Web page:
Halide perovskites are an extremely promising material platform for solar cells and photonic devices. The role of surface carrier recombination - well known to detrimentally affect the performance of devices - is still not well understood for thin samples where the thickness is comparable to or less than the carrier diffusion length. Here, using time-resolved microspectroscopy along with modeling, we investigate charge-carrier recombination dynamics in halide perovskite CH3NH3PbI3 nanoplatelets with thicknesses from 20 to 200 nm, ranging from much lesser than to comparable to the carrier diffusion length. We show that surface recombination plays a stronger role in thin perovskite nanoplatelets, significantly decreasing photoluminescence (PL) efficiency, PL decay lifetime, and photostability. Interestingly, we find that both thick and thin nanoplatelets exhibit a similar increase in PL efficiency with increasing excitation fluence, well described by our excitation saturation model. We also find that the excited carrier distribution along the depth impacts the surface recombination. Using the diffusion-surface recombination model, we determine the surface recombination velocity. This work provides a comprehensive understanding of the role of surface recombination and charge-carrier dynamics in thin perovskite platelets and reveals valuable insights useful for applications in photovoltaics and photonics.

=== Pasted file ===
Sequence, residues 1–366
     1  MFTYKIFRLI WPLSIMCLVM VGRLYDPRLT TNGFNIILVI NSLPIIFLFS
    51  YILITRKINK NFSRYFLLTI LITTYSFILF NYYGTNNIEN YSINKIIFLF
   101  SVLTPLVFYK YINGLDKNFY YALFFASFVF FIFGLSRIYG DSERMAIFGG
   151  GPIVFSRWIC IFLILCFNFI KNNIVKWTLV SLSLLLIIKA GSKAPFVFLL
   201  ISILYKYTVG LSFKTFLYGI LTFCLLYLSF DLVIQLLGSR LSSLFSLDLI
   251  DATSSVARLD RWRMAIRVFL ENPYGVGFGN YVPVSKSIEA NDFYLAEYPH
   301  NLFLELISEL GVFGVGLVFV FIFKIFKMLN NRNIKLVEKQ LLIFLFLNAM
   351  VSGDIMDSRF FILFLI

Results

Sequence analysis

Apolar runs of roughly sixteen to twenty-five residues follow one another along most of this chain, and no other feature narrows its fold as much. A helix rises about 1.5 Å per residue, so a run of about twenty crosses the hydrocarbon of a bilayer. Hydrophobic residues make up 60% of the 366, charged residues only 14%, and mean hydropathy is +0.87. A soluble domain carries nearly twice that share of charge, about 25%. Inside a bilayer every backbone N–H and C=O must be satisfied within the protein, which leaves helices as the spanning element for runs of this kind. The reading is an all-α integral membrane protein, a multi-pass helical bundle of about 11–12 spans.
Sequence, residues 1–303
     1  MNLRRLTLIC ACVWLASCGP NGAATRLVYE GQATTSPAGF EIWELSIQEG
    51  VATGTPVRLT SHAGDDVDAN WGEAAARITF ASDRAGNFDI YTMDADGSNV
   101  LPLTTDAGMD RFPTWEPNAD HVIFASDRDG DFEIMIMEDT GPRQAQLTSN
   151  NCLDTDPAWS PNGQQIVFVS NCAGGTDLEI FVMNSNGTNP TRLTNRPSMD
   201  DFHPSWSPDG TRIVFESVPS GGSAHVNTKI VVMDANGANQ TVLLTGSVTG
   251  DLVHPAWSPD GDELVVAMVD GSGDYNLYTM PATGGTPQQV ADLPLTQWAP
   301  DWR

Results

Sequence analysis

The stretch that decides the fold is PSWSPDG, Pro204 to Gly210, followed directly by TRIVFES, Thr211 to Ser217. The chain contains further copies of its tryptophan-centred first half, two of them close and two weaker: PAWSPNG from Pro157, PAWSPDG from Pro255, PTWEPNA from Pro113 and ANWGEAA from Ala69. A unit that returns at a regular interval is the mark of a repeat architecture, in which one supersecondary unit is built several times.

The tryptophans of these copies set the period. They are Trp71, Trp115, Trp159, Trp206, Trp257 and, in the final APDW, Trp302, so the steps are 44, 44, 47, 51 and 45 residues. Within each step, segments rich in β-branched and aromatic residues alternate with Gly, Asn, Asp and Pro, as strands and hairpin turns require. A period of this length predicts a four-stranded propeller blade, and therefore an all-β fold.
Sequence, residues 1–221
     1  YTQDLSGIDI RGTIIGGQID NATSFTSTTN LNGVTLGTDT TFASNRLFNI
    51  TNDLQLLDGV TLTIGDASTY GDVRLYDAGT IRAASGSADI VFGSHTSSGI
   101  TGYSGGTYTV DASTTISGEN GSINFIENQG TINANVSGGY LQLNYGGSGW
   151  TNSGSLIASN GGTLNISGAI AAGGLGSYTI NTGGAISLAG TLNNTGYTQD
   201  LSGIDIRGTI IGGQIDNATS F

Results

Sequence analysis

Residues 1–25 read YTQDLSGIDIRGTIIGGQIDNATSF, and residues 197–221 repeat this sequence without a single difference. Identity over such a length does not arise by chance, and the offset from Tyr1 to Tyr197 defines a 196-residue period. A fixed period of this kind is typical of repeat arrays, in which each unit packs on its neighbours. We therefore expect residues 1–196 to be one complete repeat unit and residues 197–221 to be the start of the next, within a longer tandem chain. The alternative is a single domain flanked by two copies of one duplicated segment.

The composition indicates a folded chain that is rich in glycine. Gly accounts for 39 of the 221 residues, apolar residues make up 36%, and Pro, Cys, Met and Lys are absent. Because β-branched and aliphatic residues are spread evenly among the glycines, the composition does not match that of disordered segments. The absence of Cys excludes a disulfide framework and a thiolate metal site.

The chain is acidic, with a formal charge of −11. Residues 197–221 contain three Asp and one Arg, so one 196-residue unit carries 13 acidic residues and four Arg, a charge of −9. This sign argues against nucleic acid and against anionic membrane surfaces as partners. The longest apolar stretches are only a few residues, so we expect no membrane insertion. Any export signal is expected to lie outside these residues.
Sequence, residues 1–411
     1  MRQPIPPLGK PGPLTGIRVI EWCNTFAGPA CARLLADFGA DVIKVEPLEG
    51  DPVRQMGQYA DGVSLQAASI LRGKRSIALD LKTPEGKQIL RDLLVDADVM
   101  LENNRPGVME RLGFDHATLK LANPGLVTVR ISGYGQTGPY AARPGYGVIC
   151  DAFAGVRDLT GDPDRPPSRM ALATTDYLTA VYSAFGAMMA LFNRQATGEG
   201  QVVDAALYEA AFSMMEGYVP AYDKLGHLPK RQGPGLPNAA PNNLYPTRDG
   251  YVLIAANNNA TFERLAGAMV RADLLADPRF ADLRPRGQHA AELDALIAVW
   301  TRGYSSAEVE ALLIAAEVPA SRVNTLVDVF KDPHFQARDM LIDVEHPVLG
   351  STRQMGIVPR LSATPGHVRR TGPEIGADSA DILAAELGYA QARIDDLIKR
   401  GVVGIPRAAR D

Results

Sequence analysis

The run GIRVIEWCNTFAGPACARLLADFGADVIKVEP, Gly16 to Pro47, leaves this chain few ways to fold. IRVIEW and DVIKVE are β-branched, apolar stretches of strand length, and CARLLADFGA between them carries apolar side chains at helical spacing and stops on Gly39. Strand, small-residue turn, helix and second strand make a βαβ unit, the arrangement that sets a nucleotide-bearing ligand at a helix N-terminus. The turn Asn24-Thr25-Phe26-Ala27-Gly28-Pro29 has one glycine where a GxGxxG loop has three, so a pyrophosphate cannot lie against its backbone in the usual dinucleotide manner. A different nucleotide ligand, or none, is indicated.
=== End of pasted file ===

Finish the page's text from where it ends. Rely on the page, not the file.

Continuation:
- charge-carrier recombination
- perovskite nanoplatelet
- surface recombination
- time-resolved photoluminescence